How committed are we to prayer? During Lent, we are to turn our attention to prayer, fasting and almsgiving.
The church in her wisdom aids us in the preparation for the Passion and Resurrection of Jesus. She instructs us during this liturgical season to break from our normal routine and recognize the significance of the event which has refashioned the world — the great Paschal Mystery.
There are various prayer opportunities, i.e., the Stations of the Cross, rosaries and daily Mass to assist us.
Especially during Lent, there should be an intensity in our actions. Prayer forms our actions in an intentional manner. We should become aware of why we do what we do.
This is true for many of our relationships. In marriage, we do many actions out of routine, but there are those moments when we realize we are doing these tasks because we love our wife or husband.
Even a priest or bishop does many of the assigned functions because of the ordained office he occupies, but there are those special moments when he realizes it is the love of God, the church and the people he serves that direct his life.
When we pray, we are forming a relationship with God. There is an intimacy in prayer. God, who knows the very depth of our being, is the one who truly keeps us honest with ourselves. We can fool the world. We can fool ourselves, but we can never fool God.
This is the “humility” we must possess in our relationship with God. The sacrament of reconciliation offers an opportunity to honestly look at our lives and should be a part of our spiritual life, especially in Lent but also throughout the entire year.
When the theologians formed the Catechism of the Catholic Church, they divided the Catechism into four parts: 1) The Profession of Faith 2) The Celebration of the Christian Mystery 3) Life in Christ and 4) Christian Prayer.
Some argued that Christian Prayer should be first, because it is such an essential action in maintaining the Mystery of Faith.
Others argued it is important to understand what we pray and why we pray in the manner that we do (lex orandi, lex credenda, lex vivendi). The Catechism states:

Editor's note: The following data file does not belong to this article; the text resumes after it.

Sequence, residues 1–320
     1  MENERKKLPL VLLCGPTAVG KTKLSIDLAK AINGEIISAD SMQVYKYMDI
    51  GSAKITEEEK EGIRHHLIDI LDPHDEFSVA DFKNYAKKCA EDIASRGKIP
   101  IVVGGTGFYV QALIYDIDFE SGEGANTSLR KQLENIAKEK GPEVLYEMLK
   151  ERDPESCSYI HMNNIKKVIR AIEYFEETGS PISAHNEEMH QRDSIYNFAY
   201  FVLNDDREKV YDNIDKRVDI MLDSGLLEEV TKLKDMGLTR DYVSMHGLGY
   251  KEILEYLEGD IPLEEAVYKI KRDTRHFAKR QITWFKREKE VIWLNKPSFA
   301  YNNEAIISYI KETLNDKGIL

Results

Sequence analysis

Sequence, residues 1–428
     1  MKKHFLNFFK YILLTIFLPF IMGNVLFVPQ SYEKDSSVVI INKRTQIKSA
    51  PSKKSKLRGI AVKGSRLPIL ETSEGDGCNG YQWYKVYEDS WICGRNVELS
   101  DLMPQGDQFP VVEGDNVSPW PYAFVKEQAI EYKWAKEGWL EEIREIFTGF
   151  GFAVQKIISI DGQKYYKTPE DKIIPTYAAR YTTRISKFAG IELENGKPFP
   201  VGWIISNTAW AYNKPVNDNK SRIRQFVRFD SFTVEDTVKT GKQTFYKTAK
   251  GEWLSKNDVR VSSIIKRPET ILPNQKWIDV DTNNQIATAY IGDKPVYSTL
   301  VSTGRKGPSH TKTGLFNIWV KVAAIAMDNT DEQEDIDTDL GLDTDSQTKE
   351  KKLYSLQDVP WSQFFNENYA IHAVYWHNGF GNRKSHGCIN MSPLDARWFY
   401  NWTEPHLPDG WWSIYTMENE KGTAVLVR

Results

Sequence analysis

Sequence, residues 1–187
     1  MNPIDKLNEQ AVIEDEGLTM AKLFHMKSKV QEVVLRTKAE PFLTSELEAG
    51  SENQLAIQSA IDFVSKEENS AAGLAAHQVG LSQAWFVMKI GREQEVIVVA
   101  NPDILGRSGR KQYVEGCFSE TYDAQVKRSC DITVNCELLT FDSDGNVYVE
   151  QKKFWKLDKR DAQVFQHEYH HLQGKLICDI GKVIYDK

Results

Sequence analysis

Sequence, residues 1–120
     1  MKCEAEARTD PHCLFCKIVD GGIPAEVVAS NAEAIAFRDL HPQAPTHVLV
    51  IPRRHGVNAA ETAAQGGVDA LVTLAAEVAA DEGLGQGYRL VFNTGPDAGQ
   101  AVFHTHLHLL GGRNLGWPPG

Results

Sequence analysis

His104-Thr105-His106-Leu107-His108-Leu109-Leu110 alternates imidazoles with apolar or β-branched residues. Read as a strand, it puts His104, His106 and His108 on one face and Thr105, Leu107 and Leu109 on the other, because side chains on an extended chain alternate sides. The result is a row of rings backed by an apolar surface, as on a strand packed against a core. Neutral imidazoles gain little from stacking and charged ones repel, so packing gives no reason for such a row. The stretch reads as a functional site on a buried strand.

“’Prayer is the raising of one’s mind and heart to God or the requesting of good things from God’ (St. John Damascene). But when we pray, do we speak from the height of our pride and will or out of the depths of a humble and contrite heart? He who humbles himself will be exalted; humility is the foundation of prayer.
Only when we humbly acknowledge that we do not know how to pray as we ought, are we ready to receive freely the gift of prayer. Man is a beggar before God.” (CCC 2559)
In prayer, we understand we are placing our reliance upon God. I have encountered many individuals throughout my years as a priest and bishop who have been confronted with tremendous personal problems — “life and death health issues,” “tragic loss of loved ones,” “financial or legal problems.” In every case, they became living witnesses as believers who submitted to the will of God with a trust that “his will be done.”
The saints are prime examples of men and women who, through prayer, turn their lives into instruments of God’s presence in the world.
Now that I have personally met a saint, actually I have met many saints, but John Paul II has officially been recognized, I have come to understand how a saint’s relationship with God is one of total submission.
Fr. Joseph Walijewski, a priest of the Diocese of La Crosse whose cause for sanctity is being promoted, would often say that I am just a pencil in the hand of God and with it he writes his story.
I am always grateful when people throughout the Archdiocese of Milwaukee approach me and tell me that they are praying for me. Some will even add that they pray for me by name. I know their prayers work.
There have been many times I received a sense of personal strength in decisions which needed to be made or a sense of energy in pursuing a particular course of action. I could only attribute that surge of energy or strength to the Holy Spirit.
We add to our Lenten prayers those also for the preparation of our Archdiocesan Synod to be held on Pentecost 2014. Join the Synod Preparatory Commission in deepening the relationship we have with one another and our dependency upon the Holy Spirit to guide us.
We must never forget that all we do, we should do for the “love of God” who has generously gifted us with the faith we share.
Our vision for the future will be embodied in the priorities we will establish in the Archdiocesan Synod, which will express our efforts to fulfill his Gospel through the church he has instituted. Prayer will remind us that we are his instruments fulfilling his will. Amen